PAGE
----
Digital Breakdown: Along came a ‘Spiderwick’

The number of fantasy novels getting swallowed up by Hollywood is increasing at a feverish pace since the success of the first “Chronicles of Narnia” film, based on C.S. Lewis’ “The Lion, the Witch, and the Wardrobe.”

Many are a poor man’s “Narnia” yet “The Spiderwick Chronicles” is an exception, although the plot sounds similar. After their parents’ divorce and mom moves into a spooky mansion, twin brothers discover a book about ogres, fairies and other mystical creatures. You guessed it — they are real and begin to cause strange happenings

It’s best to see this movie if you’ve read Holly Black’s book, on which it’s based; previous knowledge may help in understanding the film. The two-disc special edition DVD includes seven big featurettes, deleted scenes, TV spots and trailers. Price: $39.99. Rent or buy: Rent.

10,000 B.C.: Seeing the early days of man is always a trippy experience — whether briefly in “2001: A Space Odyssey” or in the CGI-friendly “10,000 B.C.,” which makes the cavemen from “Quest for Fire” look like single-celled organisms. When an evil tribe of cavemen attacks his tribe, a hero hunter must fulfill his destiny of saving his people. Along the way, he battles a saber-toothed tiger using mammoths as weapons and transportation, forms an army and finds a lost civilization.

If you can get past the fact that the cavemen speak in sentences, among other things, this could be worth a rental. The DVD has deleted scenes; the Blu-ray version has two additional featurettes on the making of the film. Price: $28.98 to $35.98. Rent or buy: Rent.

CHARLIE BARTLETT: “Charlie Bartlett” is the story of a high school kid who achieves popularity by selling prescription drugs and offering advice to students who can’t seem to survive the experience of high school without being medicated. Where does he get the pills? From his own shrink, who also gives him advice that he filters down to his own “patients.”

Unfortunately, “Bartlett” doesn’t deliver on any message, nor does it conform to what might be called to a “reality” where a high school student can get away with murder if he is clever enough. The DVD has three cool commentaries with the director, actors and the crew, along with additional restroom confessionals, music video and deleted scenes. Price: $27.98. Rent or buy: Rent.

EARLY EDITION — SEASON ONE: Time travel is a favorite theme for television creators, from “Star Trek” to the excellent but ill-fated 2007 series “Journeyman.” Twelve years ago, an interesting show on CBS called “Early Edition” was about a commodities trader (Kyle Chandler, “Friday Night Lights”) who finds out that he has been granted a unique gift: He gets tomorrow’s newspaper today. With his special knowledge, he goes on journeys in order to right some of the wrongs he sees in his early-edition paper. There aren’t special features on the DVD, but fans will be happy that the good show finally made it on disk. Price: $49.99. Rent or buy: Buy, if a fan.

XANADU — MAGICAL MUSICAL EDITION: Back in the late 1970s and ’80s, Olivia Newton John was queen of musical movies. After the huge success with “Grease,” “Xanadu” followed; it was filled with the singing, dancing and ’80s magic that so defined the era. Back on DVD, this set has new special features including a retrospective and the full soundtrack on a second disc. Price: $19.98 Rent or buy: Buy, if you don’t own already.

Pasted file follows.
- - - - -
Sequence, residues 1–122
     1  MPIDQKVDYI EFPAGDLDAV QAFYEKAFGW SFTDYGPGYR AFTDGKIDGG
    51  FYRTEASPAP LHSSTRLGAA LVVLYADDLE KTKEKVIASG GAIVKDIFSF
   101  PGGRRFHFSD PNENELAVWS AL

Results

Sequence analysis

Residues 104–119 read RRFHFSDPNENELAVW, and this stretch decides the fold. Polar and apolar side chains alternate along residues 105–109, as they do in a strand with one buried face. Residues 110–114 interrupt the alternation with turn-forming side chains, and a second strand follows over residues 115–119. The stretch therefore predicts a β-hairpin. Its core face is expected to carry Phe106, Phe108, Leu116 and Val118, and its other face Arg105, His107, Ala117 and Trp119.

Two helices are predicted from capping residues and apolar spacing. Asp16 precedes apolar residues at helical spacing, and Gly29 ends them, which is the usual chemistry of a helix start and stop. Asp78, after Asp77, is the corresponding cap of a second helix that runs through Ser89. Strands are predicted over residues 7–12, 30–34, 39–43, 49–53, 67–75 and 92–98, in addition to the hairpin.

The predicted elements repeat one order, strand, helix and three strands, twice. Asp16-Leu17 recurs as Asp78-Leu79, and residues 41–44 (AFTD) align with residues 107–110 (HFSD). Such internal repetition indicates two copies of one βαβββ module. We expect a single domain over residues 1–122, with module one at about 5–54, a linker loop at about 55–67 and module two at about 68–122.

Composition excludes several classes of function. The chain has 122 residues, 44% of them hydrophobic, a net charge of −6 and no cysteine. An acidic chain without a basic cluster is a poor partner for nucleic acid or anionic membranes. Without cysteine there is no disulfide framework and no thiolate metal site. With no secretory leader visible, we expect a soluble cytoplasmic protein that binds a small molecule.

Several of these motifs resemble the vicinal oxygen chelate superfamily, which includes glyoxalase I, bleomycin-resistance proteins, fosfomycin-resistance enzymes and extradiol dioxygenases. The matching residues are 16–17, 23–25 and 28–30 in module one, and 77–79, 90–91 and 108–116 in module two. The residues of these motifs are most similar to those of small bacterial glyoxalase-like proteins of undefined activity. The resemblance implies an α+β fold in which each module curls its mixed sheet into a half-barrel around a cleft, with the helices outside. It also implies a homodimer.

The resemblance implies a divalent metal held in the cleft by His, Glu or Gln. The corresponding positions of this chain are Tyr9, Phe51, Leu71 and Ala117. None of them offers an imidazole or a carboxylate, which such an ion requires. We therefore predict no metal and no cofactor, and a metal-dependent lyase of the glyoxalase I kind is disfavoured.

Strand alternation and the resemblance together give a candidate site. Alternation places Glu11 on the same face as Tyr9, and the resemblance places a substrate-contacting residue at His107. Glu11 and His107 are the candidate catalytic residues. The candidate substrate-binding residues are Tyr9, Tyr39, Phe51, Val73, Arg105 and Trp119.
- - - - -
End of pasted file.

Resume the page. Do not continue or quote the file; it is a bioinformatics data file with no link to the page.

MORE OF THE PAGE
Other DVDs making their debut Tuesday: “The Tattooist,” “My Boys: The Complete First Season,” “The Hammer,” “Persepolis,” “The Wig” and “Definitely, Maybe.”

artsentertainmentOther Arts

If you find our journalism valuable and relevant, please consider joining our Examiner membership program.
Find out more at www.sfexaminer.com/join/

Just Posted

An empty space where a Shared Spaces parklet once stood outside Aquitaine Wine Bistro on Church Street on Wednesday, June 23, 2021. The parklet was recently destroyed in a car crash. (Kevin N. Hume/The Examiner)
Cars and parklets don’t mix: SF searches for solutions in wake of accidents

Andrew Fidelman got the call in the middle of the night from… Continue reading

Supervisor Dean Preston speaks about rent relief at a meeting of Faith in Action, a nonprofit serving low-income residents. <ins>(Kevin N. Hume/The Examiner)</ins>
How to apply for post-pandemic rent relief in San Francisco and California

Reyna Aguilar has amassed $20,000 in rent debt since losing her restaurant… Continue reading

Transit-only lanes on Mission Street have reduced travel times by 20 percent during the pandemic, transit officials say. <ins>(Kevin N. Hume/The Examiner)</ins>
Pandemic experiments morph into long-term solutions for SF transit agency

The streets of San Francisco became real-time laboratories for The City’s public… Continue reading

NO CONNECTION TO SERVER:
Unable to connect to GPS server ‘blackpress.newsengin.com’
Debate reignites over San Francisco’s first public bank

Prior to the COVID-19 pandemic, momentum was building for San Francisco to… Continue reading

Owners of Levi’s Plaza on The Embarcadero say gas boilers on the property will be replaced by electric and solar sources in the next few years. (Shutterstock)
Big plans for clean power at Levi’s Plaza

Transition to net zero carbon in step with S.F.’s environmental goals

Most Read